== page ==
In her post The Thin Red Line she reminded us of the other victim’s of war, saying this:

But there’s bound to be a divide between civilians and the military in times of peace when you have a professional army. Although the analogy with Monks might raise an eyebrow or two, there is a parallel (no, not that one).  Soldiers live a life apart. They are trained to do things which ordinary people don’t do, and probably don’t want to do. There has to be a high level of commitment, and at times the dedication to duty means that a soldier puts everything else to one side. Although no soldier’s wife worth her salt would dream of saying so, we all wait in terror for the knock on the door or the telephone call from the CO. Every time we kiss and wave good-bye, we know that for at least one of us, it is the final good-bye. And if your marriage doesn’t come to that honorable end, well the stress and strains on your man and marriage may make it come to another sort of end. The price soldiers pay to serve us all is huge.  But they also serve, who only stand and wait – and love.

Like Memorial Day it was instituted to remember those brave men who died in the service of their country, and like Veteran’s Day it is on 11 November, because it was instituted to commemorate the end of the Great War, at the 11th hour of the 11th day of the 11th month, in 1918. It’s also Feast day of St. Martin of Tours, the patron saint of soldiers. Like a distinguished British historian told me once, “It’s always the war to end all wars, until the next one.” I’m very afraid he was right.

But it is very proper for us as Americans to remember our cousins who died in the wars of the twentieth century, they fought at our side for the same ideals. Please join me in remembering their sacrifice.

It should also be remembered that on 17 October 1921, General Pershing presented, pursuant to a special act of Congress, the US Medal of Honor, in the name of the people of the United States, to the Unknown British Warrior in Westminster Abbey, the only time it has been awarded to a non-American in a foreign service.

Remember them

A Question in the Comments

copts-attacked1On Jessica’s post Where is Comfort, the Unit asked Jessica in comments a question.

Golly gee Ms. Hof. Thanks for comment. I wonder if you could maybe post here as to a question I still have? One of the last things Momma said to me is “the righteous suffer with the unrighteous.” I spare you (well spare myself) the details as many suffer. But her circumstance didn’t let me delve into what she knew Biblically on that.

That was 2006, she 91…me now in seventies. Thank you so much. the unit

Jess got sick before she answered it, and I think it deserves an answer. She’s far better qualified but I’ll take a shot at it.

St. Peter tells us in I Peter 3:18 that

For Christ also hath once suffered for sins, the just for the unjust, that he might bring us to God, being put to death in the flesh, but quickened by the Spirit:

Which is, of course, fairly obvious, or at least we hope so, since we are all sinners, and hence unjust, and need His grace to save us.

But you and I know that sometimes it seems that we who try to do the right thing feel like we are almost oppressed in our society doesn’t it. I, like you see all the stories about Christianity being driven from public life, and all the rest, and in truth sometimes even it seems like those we love and are in the faith hurt us. And we get sick, and we suffer, even in fact as Jess herself has, and those that love her have, and it just doesn’t seem right, does it?

In many ways, I suspect a lot of it, is simply that our culture has led us to believe that we should be happy, in this life. Sometimes we are; but that’s not what Jesus promised was it? He promised that we would be persecuted in this life, and would find our happiness in the next.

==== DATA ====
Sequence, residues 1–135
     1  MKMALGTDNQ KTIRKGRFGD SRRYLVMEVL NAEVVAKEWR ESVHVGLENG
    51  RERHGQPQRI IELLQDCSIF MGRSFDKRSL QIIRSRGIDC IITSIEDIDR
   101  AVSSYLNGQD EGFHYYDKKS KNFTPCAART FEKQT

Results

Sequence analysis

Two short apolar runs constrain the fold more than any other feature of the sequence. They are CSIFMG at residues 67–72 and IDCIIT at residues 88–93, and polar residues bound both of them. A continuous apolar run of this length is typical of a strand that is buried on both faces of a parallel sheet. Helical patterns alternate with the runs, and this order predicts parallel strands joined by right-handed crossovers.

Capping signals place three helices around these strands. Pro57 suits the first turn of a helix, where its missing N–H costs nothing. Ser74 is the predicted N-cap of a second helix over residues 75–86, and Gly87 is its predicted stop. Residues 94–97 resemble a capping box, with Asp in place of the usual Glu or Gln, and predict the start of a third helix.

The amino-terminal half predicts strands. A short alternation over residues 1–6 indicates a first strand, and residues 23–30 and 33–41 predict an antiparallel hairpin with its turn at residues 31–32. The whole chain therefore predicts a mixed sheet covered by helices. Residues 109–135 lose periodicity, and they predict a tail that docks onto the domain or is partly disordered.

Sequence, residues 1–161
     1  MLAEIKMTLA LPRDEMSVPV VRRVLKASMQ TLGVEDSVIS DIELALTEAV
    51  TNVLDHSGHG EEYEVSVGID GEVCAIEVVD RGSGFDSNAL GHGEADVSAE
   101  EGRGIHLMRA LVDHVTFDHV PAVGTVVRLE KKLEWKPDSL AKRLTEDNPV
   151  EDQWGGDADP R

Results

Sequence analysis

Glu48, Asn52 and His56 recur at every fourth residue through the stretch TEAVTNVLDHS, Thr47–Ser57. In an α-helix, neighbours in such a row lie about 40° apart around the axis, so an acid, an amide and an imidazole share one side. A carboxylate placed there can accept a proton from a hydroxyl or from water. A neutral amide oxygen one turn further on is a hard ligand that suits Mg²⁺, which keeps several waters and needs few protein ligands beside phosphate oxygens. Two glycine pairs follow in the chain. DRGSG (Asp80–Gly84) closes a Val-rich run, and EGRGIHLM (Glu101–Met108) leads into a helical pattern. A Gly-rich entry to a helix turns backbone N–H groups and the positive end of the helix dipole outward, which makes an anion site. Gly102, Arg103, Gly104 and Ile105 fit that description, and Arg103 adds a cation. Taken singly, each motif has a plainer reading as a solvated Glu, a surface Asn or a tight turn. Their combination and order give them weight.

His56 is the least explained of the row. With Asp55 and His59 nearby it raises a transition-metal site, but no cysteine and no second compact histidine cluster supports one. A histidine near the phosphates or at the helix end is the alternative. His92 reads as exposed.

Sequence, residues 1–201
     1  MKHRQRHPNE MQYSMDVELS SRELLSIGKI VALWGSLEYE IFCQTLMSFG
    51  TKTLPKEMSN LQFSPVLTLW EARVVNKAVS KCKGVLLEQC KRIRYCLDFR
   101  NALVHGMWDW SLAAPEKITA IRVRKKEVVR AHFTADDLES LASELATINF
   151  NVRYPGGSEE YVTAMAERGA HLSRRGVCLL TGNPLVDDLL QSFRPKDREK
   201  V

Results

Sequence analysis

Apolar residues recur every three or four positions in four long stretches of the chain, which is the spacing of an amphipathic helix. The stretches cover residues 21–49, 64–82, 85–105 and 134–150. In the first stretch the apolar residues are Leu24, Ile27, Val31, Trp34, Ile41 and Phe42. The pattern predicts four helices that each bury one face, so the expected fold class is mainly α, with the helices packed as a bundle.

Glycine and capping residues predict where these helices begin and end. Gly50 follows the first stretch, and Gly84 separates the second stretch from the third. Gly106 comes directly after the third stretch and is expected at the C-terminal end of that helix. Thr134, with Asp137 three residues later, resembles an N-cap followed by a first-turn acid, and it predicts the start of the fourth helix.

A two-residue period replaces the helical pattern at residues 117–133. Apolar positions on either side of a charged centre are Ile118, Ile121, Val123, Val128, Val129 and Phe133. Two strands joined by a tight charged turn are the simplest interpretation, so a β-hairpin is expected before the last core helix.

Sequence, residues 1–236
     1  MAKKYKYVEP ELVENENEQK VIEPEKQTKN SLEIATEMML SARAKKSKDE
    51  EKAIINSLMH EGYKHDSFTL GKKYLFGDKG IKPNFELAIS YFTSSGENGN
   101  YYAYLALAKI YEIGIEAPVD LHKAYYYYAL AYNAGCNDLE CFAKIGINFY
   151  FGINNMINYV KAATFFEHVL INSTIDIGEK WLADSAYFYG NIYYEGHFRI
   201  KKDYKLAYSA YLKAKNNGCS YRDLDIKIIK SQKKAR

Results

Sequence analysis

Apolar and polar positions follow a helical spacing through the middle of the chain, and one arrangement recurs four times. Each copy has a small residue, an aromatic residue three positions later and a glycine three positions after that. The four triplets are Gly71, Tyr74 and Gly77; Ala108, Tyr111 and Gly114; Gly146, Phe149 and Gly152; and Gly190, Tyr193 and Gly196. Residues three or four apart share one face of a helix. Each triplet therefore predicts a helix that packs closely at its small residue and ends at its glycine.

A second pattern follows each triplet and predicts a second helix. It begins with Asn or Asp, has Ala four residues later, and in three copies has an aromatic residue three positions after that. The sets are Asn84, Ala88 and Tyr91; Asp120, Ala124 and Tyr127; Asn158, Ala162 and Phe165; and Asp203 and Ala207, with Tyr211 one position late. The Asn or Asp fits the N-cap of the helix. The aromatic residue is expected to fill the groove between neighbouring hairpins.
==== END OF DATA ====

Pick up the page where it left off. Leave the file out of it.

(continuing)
But Ezekiel 21 tells us this:

And the word of the Lord came to me, saying, “Son of man, set your face toward Jerusalem, preach against the holy places, and prophesy against the land of Israel; and say to the land of Israel, ‘Thus says the Lord: “Behold, I I Am against you, and I will draw My sword out of its sheath and cut off both righteous and wicked from you.Because I will cut off both righteous and wicked from you, therefore My sword shall go out of its sheath against all flesh from south to north,

And that is a pretty dire prophecy, I would say. Dr. John Oakes tells us here, however

When God brings physical judgment on a nation, both the godly and the

ungodly will suffer. This may seem unfair upon first consideration, but
when God judges a nation, as he surely has a right to do, the suffering of
both the good and the evil is inevitable. However, the righteous may
suffer physically, but they will not lose their place in heaven if their
heart is devoted to God. This is a general law of human existence. God
causes the rain to fall on the good and the evil. Some of the blessings of
God will fall on those who do not even acknowledge him. Sometimes, even
good people are caused to suffer because of the sins of others, but in the
end, God will reward them for their righteous life. God does not promise a
care-free life to those who turn to him.

And so it seems like in many ways, if you are righteous, you will suffer along with the unrighteous, in this world. Calamities happen to us all, just as we all get the spring rain, we also get the tornado. We are seeing plenty of that recently aren’t we, what with the Copts and the Iraqi Christians, two of the oldest of Christian communities, going back to the time of the Apostles themselves.

But, at the last we are judged individually, and that is where our reward is. In the next world, not this one. And we have to trust Him, who told us in Mathew 11:30

For my yoke is easy, and my burden is light.

And the key here is that a yoke is used on at least two oxen, it is surely placed on us, but the other side is placed on Christ Himself, who helps us by sharing our burden.

%d bloggers like this: